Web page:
# The Carrel-Dakin method

Discovered in an advanced post, this skeleton of a German soldier still wearing his uniform  - Private collection, Mrs. Anne-Marie Falmagne ©

Discovered in an advanced post, this skeleton of a German soldier still wearing his uniform - Private collection, Mrs. Anne-Marie Falmagne ©

In parallel with field experience that will change the organisation of the Health services, medicine will experience an unprecedented scientific advance during the First World War. Numerous medical methods from the Great War are still in use today. Amongst these legacies are the use of the "Carrel-Dakin" method.

Often neglected at the start of the war, injuries considered to be less significant are not the subject of specific treatments. The living conditions during the First World War do not allow the soldiers to maintain correct hygiene. Easily infected wounds result in amputations in the best cases, and many deaths in the worst. It is in this context that two physicians, Henry Dakin and Alexis Carrel, will develop an antiseptic treatment to combat the infection of wounds.

While at the start of the conflict, the only way to stop gangrene was to amputate the infected limb, during this war, improved methods and scientific research confirm that this mutilating surgical operation should in fact be the physician's last recourse.

The return of gangrene!

Medical experience in wartime was very limited before 1914. As such, for the treatments given to soldiers hit by gunfire, it's common to rely on a totally incorrect and widely disseminated idea: injuries caused by bullets are always neat (the only destroy a specific part of the body) and clean, since munitions cannot carry illnesses. Another idea based on hazardous hypotheses will be to think that soldiers will most often be injured by gunfire rather than by exploding shells.

These preconceived ideas will result in faulty diagnoses and inadequate urgency when dealing with the wounded. Amongst other things, it is the artillery, and therefore bursting shells, that will decimate the armies rather than gunfire. Also, bullets will result in many complications that will exceed the estimates of surgeons.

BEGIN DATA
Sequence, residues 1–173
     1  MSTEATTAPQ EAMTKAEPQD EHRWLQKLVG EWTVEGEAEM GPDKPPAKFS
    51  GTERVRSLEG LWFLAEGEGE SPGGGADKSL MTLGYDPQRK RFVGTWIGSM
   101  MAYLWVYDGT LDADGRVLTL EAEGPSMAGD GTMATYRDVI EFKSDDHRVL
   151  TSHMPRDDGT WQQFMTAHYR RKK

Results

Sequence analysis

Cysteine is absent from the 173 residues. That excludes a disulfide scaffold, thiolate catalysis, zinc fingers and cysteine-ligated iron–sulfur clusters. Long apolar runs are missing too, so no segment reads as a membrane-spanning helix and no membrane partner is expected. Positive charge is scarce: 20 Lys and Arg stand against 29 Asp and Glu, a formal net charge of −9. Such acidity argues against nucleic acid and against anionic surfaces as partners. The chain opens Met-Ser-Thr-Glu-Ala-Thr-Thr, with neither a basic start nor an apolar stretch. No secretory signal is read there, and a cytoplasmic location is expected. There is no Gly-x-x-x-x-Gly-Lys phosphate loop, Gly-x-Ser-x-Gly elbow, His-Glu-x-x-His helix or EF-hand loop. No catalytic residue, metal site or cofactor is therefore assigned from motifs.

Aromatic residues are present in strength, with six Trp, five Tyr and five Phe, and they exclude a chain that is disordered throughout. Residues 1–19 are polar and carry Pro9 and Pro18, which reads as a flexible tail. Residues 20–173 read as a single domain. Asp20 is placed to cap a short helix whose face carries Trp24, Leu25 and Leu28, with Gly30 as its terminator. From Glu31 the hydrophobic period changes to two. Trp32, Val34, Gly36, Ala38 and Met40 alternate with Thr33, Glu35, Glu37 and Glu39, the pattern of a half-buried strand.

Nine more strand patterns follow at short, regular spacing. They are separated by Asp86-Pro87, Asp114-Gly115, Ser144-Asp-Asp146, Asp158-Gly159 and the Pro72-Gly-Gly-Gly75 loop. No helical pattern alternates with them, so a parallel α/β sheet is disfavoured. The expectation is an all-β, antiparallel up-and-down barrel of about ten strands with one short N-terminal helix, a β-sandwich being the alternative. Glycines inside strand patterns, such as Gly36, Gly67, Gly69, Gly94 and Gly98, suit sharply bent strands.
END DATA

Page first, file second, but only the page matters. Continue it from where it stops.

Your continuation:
In France, general inspector physician Edmond Delorme (1847-1929), chief of French military surgery, is part of the old guard that believes in these ideas and that calls for surgical methods that are totally inadequate for this special type of war in the trenches, during which extensive use is made of artillery. Recognising his mistake, Edmond Delorme appears before the Science Academy on 28 September 1914, in order to correct his statements:

"To be efficient, the defence against infection must begin very quickly. It cannot be provided to the wounded who are transported over long distances. As such, surgery in the front lines must no longer be content with the preparatory actions that it previously undertook. It must itself do whatever is necessary. The rule of systematic abstention (operating only when the injuries were very serious, otherwise the wounded soldier receives basic care before being transported to the Rear), while excellent in the case of wounds from gunfire, cannot be applied when having to deal with shrapnel (shrapnel shells) and shell fragments. Up to now, there were reasons to defer active surgery to the rear lines; circumstances now force us to concentrate resolutely on the front."

However, despite this speech, preconceived ideas have a long shelf life, and will influence the treatment of the wounded for a long time.

From the very start of the war, there is an incalculable stream of the wounded. Surgeons concentrate on "repairing" the wound, and totally neglect the bacteriological aspect. The consequences are dramatic. Though certain soldiers receive the necessary treatments, physicians cannot prevent them from dying. For a single illness, physicians observe a multitude of symptoms, the source of which is beyond their understanding. Considerable research will be performed in order to identify the origin of this illness.

In 1915, the Pasteur Institute (French foundation devoted to biological studies) will identify the germs with which gas gangrene (necrosis of the tissues) originates. The absence of sanitary standards in the trenches and the extreme living conditions (mud, rats, fecal matter, cadavers) are responsible for the proliferation of infections, and gas gangrene – often followed by amputation – will be one of the most widespread ailments suffered by soldiers wounded by shell bursts. These fragments have the particularity that they can penetrate all muscular tissues and carry in all kinds of filth, including the mud in which the gas gangrene germs are present.

While at the start of the conflict, the only way to stop gangrene was to amputate the infected limb, during this war, improved methods and scientific research confirm that this mutilating surgical operation should in fact be the physician's last recourse.

How to stop infection?

As previously explained, treating infection of the wounds is essential. To combat infection, two types of chemical treatments could be used: asepsis and antisepsis. Asepsis represents all of the preventive standards implemented against infectious illnesses. Sterilisation, intended to avoid transmitting illness, is a component of these aseptic standards.